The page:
Kimberly Khare, Assistant Professor
"Within the American Music Therapy Association, the New England region is the tiniest region, but it's mighty. We seem to collect the pioneers of the field, the visionaries, people who are the giants in the profession. We have many of those people within Massachusetts, and we have several of those people on faculty. There is a wealth of resources. We also have a wide range of people who've trained at different times, so we've got a historical record of how we've developed and changed the field. We've got diversity in the faculty: some of the leading researchers, some of the leading creators and visionaries, and many different styles. We're all hired because we are experts in what we provide."
"Our program is music centered, focused on helping each student develop professionally as a musician as well as develop as a music therapist. We're also relationship centered and we're client centered. We make the focus of the training understanding how to develop an appropriate clinical relationship with the client. We're talking about the student understanding not only different diagnoses and populations, but understanding the person who's diagnosed with said conditions."
"The training's hard. It's not for everybody. You could be the best musician, you could be the nicest, most caring person, and you might not make a good music therapist. There are qualities that you have to possess. Some of these qualities can be taught. Some of these qualities can be learned over time. Some are what you come with from your life experiences. And then there are things that you learn about yourself that you might have to change. You've got to be empathetic. You need a sense of humor. You need to be insightful. You need to have very strong, creative, flexible musicianship. You've got to have a firm foundation when it comes to melody, rhythm, harmony. It would be really great if you played guitar for a year before you showed up. And you've got to be able to use your voice. Not everybody's born a singer, but there's a difference between singing and clinically using your voice. And self-confidence, a sense of self-worth, is essential."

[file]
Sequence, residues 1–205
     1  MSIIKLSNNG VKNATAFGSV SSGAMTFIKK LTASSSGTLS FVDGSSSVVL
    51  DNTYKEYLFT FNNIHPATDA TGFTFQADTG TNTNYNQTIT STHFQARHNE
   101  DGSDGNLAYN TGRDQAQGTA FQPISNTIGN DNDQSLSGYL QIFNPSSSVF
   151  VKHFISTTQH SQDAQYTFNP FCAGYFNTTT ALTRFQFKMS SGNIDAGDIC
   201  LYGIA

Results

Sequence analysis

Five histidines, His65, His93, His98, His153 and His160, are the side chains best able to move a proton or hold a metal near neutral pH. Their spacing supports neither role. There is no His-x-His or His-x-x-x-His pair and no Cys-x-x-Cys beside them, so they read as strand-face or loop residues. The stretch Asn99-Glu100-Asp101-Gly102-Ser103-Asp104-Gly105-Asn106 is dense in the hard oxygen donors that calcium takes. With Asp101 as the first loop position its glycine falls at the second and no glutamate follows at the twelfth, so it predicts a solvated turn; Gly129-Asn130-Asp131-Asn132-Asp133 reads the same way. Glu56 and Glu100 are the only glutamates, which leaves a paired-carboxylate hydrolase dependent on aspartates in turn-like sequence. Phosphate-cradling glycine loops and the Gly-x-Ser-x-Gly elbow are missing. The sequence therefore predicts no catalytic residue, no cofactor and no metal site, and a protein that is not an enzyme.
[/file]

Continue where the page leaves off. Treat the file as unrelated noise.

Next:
- B.A., State University of New York
- M.A., New York University
- Certified Nordoff-Robbins music therapist, Nordoff-Robbins Center for Music Therapy
- Publications include "The Supervision of Clinical Improvisation in Aesthetic Music Therapy, a Music-Centered Approach" in Music Therapy Supervision, edited by Michele Forinash, 2001
- Teaches clinical improvisation
- Provided workshops nationally on clinical guitar work, focusing especially on rhythmic and harmonic stability and creativity and how that impacts the clinical relationship
- Noted for clinical songwriting abilities
- Currently developing a “clinical music” curriculum
- Has twice received the New England Region of the American Music Therapy Association Presidential Award for Excellence in Service and Development of Music Therapy, 2000 and 2006
- Serves the New England Region of the American Music Therapy Association as a member of the executive board and newsletter editor
- Guitarist and arranger for family band CONNECT 3, which provides music education, expression, and experience for family audiences, particularly serving families who have experienced special needs or life threatening illness
- Director of music therapy for the Community Music Center of Boston for 12 years, a music therapy program that serves the Greater Boston Area and is a long-standing partner of Berklee